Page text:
This week’s “God Question” is “Why do you believe God even exists?” In a bit of good timing, Stand to Reason has started posting some of Greg Koukl’s podcast commentary as YouTube videos, and one of the first asks the question, “Can God’s Existence Be Proved?”
Skip down to the video if you’d like, but before diving into this question it’s worth establishing what is meant by “proof,” at least in a philosophical sense:
1. You must have at least two premises and a conclusion.
2. The conclusion must logically follow from the premises.
3. Each premise must be true, or at least, more probable than the opposite.
Accept the Argument, or Say Something Silly: Your Choice
The trick is that someone who really wants to escape your conclusion can choose to reject one of your premises. Our job as Christian apologists is to make them pay as high of an intellectual price as possible to do so.
1. Everything that begins to exist has a cause.
2. The universe began to exist.
3. Therefore, the universe has a cause.
And, since the universe represents everything that is material, the cause of the universe must be immaterial. There’s a lot of energy in the universe, so the cause of the universe must be unthinkably powerful. The beginning of the universe marks the beginning of time, so the cause of the universe must transcend time. So this proves that an immaterial, powerful, transcendent cause is necessary to explain the existence of the universe.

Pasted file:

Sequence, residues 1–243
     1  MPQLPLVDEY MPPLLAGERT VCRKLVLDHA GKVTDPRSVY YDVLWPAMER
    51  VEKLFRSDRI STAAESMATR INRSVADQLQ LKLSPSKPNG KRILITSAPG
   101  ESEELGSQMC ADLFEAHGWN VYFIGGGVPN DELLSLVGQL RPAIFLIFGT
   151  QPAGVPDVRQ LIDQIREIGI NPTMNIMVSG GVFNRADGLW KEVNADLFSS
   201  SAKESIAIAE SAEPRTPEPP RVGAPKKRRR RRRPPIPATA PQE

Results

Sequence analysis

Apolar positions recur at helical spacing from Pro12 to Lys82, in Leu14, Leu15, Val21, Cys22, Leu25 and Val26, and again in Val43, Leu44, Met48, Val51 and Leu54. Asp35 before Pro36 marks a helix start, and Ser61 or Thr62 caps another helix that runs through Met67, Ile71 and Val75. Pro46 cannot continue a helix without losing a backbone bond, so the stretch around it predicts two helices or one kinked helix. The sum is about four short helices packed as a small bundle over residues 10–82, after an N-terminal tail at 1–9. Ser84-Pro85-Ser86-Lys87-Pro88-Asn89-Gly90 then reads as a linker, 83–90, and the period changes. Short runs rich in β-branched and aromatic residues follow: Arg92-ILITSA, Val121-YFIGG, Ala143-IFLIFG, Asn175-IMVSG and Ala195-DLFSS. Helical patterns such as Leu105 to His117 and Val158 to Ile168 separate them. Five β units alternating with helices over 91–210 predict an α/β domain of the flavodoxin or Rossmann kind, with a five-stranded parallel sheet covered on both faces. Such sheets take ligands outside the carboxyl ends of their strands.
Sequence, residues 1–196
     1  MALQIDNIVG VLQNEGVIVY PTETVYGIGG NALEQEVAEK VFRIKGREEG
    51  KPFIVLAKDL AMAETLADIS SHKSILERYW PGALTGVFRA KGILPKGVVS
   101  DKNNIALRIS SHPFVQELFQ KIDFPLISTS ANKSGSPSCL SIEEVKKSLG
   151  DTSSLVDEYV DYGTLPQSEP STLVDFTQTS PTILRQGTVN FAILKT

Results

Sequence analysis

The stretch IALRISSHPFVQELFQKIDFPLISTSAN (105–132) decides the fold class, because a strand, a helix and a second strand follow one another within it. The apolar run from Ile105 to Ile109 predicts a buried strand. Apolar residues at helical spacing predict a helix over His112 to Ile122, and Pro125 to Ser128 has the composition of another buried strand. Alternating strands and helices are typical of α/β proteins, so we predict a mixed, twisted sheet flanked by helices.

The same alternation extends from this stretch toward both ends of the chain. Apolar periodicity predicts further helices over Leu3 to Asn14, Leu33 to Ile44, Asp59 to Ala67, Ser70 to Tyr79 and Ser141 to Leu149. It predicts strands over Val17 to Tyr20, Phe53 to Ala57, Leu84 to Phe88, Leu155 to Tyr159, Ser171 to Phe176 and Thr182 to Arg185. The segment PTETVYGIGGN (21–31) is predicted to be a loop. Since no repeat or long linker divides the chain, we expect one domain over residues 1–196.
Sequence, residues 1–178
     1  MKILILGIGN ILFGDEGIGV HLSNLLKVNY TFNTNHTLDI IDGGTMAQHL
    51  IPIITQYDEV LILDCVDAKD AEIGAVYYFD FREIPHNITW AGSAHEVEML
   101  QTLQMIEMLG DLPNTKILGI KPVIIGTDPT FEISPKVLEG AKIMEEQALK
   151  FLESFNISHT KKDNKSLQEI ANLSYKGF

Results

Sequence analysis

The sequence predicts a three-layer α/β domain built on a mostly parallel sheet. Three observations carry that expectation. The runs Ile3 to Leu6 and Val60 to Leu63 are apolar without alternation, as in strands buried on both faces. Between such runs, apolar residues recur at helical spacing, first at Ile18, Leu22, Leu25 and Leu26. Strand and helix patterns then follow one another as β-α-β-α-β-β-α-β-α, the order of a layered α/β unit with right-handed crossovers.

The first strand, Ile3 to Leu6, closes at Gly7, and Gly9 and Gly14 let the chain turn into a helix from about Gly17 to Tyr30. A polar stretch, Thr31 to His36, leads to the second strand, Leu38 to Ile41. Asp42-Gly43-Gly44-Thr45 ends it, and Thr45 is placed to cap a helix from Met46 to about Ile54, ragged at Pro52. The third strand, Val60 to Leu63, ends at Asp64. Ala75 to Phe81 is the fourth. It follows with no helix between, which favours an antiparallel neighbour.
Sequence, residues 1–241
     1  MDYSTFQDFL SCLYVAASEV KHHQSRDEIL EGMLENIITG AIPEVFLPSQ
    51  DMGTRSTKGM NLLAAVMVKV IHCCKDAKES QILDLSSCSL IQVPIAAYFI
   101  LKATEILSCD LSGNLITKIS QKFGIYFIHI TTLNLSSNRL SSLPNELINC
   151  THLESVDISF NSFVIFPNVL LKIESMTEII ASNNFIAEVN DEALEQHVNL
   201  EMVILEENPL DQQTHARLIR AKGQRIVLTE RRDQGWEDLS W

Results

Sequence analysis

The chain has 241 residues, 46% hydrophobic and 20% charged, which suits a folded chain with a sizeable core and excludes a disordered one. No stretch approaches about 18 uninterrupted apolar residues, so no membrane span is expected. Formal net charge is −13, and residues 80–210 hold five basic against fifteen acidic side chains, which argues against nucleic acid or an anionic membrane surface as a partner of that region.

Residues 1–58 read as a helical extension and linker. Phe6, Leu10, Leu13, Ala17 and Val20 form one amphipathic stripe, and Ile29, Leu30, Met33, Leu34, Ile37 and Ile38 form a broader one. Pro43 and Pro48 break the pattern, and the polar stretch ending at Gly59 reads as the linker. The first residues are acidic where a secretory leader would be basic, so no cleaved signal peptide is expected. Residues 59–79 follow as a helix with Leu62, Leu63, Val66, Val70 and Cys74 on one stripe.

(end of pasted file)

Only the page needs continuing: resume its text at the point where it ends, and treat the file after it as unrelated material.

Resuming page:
These are uncomfortable implications for people who see this going in the “God” direction, so—amazingly—atheists usually bite the bullet and reject either (1) or (2). If they say “the universe didn’t have a cause,” they’re saying that it sprang into existence by nothing, out of nothing, for nothing. William Lane Craig says this is worse than magic, because when a magician pulls a rabbit out of a hat, at least you’re starting with a hat—to say nothing of a magician!
Or, they can reject (2) and say that the universe has been around forever. If you’re open to considering “Big Bang” theory—which is the reigning theory in the physical sciences—then you can’t say the universe is eternal. But even without invoking the Big Bang, you can demonstrate the folly of an eternal universe in a number of ways. A simple one goes like this: things tend to cool off over time. If the universe has been around for an infinite amount of time, you would expect it to be infinitely cool—in other words, absolute zero. Clearly we are not frozen solid, so you can’t really think the universe is infinitely old.
(See also Craig’s defense of this argument, but thinking caps are required).
A Cumulative Case for the Best Explanation
Bottom line: this doesn’t prove God’s existence, but it does prove that something like the God described in the Bible must exist. When you put together enough of these arguments, it becomes very, very difficult—impossible, if you ask me—to put forth an adequate explanation for the world, the universe, and everything that does not admit to God’s existence. This Sunday, we’ll start to explore some of those arguments.